1. The members of the board shall serve for terms of four (4) years, commencing as of July 1, 1980, and until their successors are chosen and have qualified; provided that if a member of the board who was a member of one (1) of the plans in the system when he was appointed ceases to be a member of that plan, a vacancy shall thereupon be deemed to exist in his position on the board; and provided further, that the members of the Judicial Retirement Board in office on July 1, 1980, shall serve for the remainder of the terms for which they were appointed, as the members of the board created by this section, in the positions appointable by the Supreme Court and the Governor. Vacancies shall be filled by the appointing authority for the unexpired term. (2) (a) The members of the board shall serve for terms of four (4) years, commencing as of July 1, 1980, and until their successors are chosen and have qualified; provided that if a member of the board who was a member of one (1) of the plans in the system when he was appointed ceases to be a member of that plan, a vacancy shall thereupon be deemed to exist in his position on the board; and provided further, that the members of the Judicial Retirement Board in office on July 1, 1980, shall serve for the remainder of the terms for which they were appointed, as the members of the board created by this section, in the positions appointable by the Supreme Court and the Governor. Vacancies shall be filled by the appointing authority for the unexpired term.
    2. A trustee shall not serve more than three (3) consecutive four (4) year terms. A trustee who has served three (3) consecutive terms may be appointed again after an absence of four (4) years from the board. The term limits established by this paragraph shall apply to trustees serving on or after July 1, 2012, and all terms of office served prior to July 1, 2012, shall be used to determine if the trustee has exceeded the term limits provided by this paragraph.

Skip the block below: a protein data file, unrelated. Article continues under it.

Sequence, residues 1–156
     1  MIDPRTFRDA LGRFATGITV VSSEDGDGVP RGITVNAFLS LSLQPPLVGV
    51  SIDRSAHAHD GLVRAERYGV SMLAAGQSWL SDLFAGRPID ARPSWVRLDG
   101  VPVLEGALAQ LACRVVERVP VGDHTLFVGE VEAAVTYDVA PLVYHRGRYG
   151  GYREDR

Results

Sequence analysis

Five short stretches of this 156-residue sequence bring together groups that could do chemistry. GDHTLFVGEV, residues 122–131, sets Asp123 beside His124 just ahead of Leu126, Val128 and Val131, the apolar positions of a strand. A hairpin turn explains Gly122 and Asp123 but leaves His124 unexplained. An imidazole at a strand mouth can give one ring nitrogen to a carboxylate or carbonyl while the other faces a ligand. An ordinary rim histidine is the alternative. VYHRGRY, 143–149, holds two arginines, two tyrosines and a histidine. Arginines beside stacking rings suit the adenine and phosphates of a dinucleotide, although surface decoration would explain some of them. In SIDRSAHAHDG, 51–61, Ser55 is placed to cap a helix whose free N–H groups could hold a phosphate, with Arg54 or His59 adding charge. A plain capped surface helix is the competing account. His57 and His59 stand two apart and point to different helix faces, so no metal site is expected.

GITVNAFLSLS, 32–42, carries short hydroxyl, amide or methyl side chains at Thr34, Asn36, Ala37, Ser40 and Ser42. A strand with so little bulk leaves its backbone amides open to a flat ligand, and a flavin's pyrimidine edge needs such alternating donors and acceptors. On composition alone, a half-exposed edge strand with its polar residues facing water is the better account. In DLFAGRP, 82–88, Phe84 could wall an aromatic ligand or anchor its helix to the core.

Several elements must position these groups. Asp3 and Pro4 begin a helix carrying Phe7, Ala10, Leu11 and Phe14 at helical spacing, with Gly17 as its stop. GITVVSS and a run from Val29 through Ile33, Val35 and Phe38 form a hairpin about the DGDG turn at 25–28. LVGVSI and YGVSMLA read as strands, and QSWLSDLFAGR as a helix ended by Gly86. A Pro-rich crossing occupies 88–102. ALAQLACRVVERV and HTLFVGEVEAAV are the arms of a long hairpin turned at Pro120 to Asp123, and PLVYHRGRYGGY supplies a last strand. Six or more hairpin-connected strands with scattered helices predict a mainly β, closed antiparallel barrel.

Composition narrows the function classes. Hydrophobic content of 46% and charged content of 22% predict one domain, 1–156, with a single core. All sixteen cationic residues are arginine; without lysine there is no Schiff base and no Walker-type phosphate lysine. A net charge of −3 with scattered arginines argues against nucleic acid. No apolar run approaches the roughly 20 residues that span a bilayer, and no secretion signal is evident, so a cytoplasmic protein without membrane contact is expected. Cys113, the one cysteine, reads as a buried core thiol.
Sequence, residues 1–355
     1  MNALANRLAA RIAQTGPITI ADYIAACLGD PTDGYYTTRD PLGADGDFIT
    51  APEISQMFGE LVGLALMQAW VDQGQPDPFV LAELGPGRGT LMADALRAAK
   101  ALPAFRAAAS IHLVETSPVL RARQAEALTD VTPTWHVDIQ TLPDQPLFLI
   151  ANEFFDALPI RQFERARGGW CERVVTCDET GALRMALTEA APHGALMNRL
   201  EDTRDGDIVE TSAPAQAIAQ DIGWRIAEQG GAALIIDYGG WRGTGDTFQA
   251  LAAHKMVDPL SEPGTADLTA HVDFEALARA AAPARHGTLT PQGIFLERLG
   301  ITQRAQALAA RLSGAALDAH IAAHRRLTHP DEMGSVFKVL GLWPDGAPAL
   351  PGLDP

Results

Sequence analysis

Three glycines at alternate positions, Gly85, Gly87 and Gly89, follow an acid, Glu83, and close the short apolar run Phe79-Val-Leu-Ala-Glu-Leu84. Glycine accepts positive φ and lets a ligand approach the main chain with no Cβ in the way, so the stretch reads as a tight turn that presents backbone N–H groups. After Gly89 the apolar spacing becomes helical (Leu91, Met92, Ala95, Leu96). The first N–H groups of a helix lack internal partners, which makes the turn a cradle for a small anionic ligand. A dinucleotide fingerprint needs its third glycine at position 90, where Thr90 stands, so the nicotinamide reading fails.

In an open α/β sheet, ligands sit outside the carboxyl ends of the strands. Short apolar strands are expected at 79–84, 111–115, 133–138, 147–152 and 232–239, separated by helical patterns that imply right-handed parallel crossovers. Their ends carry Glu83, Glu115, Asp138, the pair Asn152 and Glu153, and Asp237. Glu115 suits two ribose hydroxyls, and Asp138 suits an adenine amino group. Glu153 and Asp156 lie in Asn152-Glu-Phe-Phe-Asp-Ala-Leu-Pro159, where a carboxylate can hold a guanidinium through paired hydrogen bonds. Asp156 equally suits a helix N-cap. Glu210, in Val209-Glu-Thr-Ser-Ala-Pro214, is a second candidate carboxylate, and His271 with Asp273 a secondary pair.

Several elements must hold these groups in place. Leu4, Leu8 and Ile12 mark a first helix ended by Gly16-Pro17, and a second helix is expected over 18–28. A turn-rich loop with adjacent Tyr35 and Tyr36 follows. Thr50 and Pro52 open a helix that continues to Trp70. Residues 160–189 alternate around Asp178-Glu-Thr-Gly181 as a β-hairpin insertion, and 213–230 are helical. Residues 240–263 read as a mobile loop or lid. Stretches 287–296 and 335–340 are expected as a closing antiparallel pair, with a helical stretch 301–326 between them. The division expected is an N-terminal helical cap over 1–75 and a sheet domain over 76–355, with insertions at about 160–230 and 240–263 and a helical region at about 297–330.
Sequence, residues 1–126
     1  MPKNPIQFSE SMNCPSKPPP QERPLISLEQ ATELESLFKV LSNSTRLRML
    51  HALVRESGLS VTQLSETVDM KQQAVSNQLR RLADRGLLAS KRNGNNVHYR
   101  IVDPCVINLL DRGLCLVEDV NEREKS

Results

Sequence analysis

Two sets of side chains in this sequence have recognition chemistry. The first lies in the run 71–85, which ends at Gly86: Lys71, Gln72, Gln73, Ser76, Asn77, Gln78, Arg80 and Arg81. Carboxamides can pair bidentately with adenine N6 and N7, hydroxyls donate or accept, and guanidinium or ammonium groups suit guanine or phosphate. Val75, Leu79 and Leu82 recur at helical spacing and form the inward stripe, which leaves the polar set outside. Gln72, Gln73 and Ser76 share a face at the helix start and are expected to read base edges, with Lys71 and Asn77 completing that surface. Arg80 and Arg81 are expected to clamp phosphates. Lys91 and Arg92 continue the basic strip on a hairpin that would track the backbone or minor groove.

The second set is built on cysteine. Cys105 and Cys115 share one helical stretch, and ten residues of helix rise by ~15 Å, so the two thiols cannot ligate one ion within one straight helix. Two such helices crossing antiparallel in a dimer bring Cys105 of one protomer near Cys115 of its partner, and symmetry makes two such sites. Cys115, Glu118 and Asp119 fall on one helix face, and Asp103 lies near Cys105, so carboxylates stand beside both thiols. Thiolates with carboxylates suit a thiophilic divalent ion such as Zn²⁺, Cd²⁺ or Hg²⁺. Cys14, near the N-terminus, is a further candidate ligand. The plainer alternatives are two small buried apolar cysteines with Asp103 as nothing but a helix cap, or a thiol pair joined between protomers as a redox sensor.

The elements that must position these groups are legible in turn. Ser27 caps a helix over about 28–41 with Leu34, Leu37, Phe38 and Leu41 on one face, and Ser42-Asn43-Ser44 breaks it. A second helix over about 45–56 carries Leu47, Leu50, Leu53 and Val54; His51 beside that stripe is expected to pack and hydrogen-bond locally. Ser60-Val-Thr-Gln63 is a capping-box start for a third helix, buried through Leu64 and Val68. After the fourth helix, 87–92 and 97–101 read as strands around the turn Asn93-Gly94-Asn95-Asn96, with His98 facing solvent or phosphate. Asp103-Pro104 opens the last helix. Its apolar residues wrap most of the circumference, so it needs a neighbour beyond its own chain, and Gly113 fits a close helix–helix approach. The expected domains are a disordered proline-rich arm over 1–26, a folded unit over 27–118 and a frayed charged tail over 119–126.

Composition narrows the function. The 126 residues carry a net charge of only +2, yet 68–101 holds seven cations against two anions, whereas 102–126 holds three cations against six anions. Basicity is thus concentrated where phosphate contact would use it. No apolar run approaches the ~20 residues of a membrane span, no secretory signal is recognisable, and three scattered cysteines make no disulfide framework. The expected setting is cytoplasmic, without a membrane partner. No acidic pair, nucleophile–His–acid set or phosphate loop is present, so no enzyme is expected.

2. The members of the board shall annually elect a chairman. The chairman shall not serve more than four (4) consecutive years as chairman of the board. A trustee who has served four (4) consecutive years as chairman of the board may be elected chairman of the board after an absence of two (2) years from the position.
  3. Gubernatorial appointees, and judicial and legislative appointees who do not receive an annual salary from the State Treasury in another capacity shall receive an amount equal to the per diem compensation paid to members of the General Assembly for each day they are in session. All members shall be reimbursed for their necessary expenses.

History. Enact. Acts 1980, ch. 407, § 19, effective July 1, 1980; 1994, ch. 486, § 16, effective July 15, 1994; 2000, ch. 448, § 3, effective July 14, 2000; 2003, ch. 128, § 5, effective June 24, 2003; 2012, ch. 75, § 6, effective April 11, 2012; 2017 ch. 12, § 1, effective March 10, 2017.

Legislative Research Commission Notes.

(3/10/2017). 2017 Ky. Acts ch. 12, sec. 14 provided that amendments made to subsection (1) of this statute in 2017 Ky. Acts ch. 12, sec. 1 that require Senate confirmation of, and modify the requirements for, gubernatorial appointments to the Judicial Form Retirement System and the Kentucky Retirement Systems boards of trustees shall apply to appointments or reappointments made on or after March 10, 2017, the effective date of that Acts chapter.

NOTES TO DECISIONS

Cited in:

Bd. of Trs. of the Judicial Form Ret. Sys. v. AG, 132 S.W.3d 770, 2003 Ky. LEXIS 238 ( Ky. 2003 ), rehearing denied, Bd. of Trs. of the Judicial Form Ret. Sys. v. AG of Ky., 2004 Ky. LEXIS 129 ( Ky. 2004 ); Karem v. Bd. of Trs. of the Judicial Form Ret. Sys., 293 S.W.3d 401, 2009 Ky. App. LEXIS 62 (Ky. Ct. App. 2009).

21.540. Duties of board of trustees — Qualified domestic relations orders — Intent to conform with federal law — Availability of information on Web site — Conflicts of interest — Prohibition against fees for unregulated placement agents — Investment procurement policy — Release of certain information from accounts of current or former legislators.